Although we have all these 3D images sometimes they are not enough, CBCT data offers much more than what we are able to use for imaging. DICOM data can also be used for segmentation, a process that separates structures of interest from the background and from each other, and for which a number of algorithms have been developed in image processing. Segmentation of an object is achieved either by identifying all pixels or voxels that belong to the object, or by locating those that form its boundary. Segmenting teeth is not an easy task. The following problems may arise when segmenting teeth from CBCT images:

1) DICOM data is acquired in upper-lower jaw in occlusion, so it is difficult to distinguish a tooth from its neighboring teeth along their occlusal surface due to the lack of gray-scale value changes.

2) It is also hard to separate a tooth from alveolar bone by similar densities.

3) Often, teeth possess similar shapes, making it difficult to identify different tooth types.

While there are many open source tools available for performing segmentation procedures, obtaining good quality segmentation takes time and requires a long learning curve.

Using artificial intelligence technology, Orca Dental AI created a unique system in a 3D controllable STL format that includes not only teeth segmentation but also cephalometric and airway volume calculations, which make this process more comprehensive, easy to use and completely informative in disclosing all the impacted relationships.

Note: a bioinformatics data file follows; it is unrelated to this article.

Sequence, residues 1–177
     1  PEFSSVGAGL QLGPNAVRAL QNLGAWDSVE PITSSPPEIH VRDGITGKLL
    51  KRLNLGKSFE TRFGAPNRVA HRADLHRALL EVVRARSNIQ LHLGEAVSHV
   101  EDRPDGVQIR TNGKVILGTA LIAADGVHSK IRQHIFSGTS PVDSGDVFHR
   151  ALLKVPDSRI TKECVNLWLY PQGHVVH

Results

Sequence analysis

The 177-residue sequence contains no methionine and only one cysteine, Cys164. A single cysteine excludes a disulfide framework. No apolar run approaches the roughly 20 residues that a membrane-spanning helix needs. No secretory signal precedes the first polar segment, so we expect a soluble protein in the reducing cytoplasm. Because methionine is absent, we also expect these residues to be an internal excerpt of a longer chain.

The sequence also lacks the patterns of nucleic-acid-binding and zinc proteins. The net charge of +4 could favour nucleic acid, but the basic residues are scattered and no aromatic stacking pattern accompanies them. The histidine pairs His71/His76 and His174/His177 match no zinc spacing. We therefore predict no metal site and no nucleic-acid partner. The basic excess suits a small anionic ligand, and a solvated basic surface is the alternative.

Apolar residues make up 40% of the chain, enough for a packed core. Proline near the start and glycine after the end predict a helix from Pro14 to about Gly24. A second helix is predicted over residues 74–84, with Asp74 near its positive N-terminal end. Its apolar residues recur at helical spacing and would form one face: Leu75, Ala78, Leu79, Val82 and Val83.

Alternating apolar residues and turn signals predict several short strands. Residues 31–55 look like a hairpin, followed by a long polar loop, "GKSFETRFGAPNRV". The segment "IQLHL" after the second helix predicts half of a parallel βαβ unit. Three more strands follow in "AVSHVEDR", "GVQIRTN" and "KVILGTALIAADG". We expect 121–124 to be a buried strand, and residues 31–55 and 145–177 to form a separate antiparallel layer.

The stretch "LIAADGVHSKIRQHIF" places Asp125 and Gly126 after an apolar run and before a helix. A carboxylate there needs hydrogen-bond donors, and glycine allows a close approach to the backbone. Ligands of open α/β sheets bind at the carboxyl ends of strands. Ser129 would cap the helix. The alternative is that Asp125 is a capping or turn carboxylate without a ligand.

To aid in an improved diagnostic approach and improve treatment outcomes, Data Imaging and Communication in Medicine (DICOM) files of the CBCT can also be converted into a 3D model using a 3D printer (Zenith D DENTIS Co. LTD). Therefore, this tool is very useful to visualize and be able to feel 3D conditions of teeth that are on the verge of falling out, since this process offers an extra diagnostic dimension. When analyzing this data, we can decide which is the best treatment plan, and for example decide if an orthodontic treatment to align an ectopic canine is better than a surgical procedure because ectopic canines are hard to align.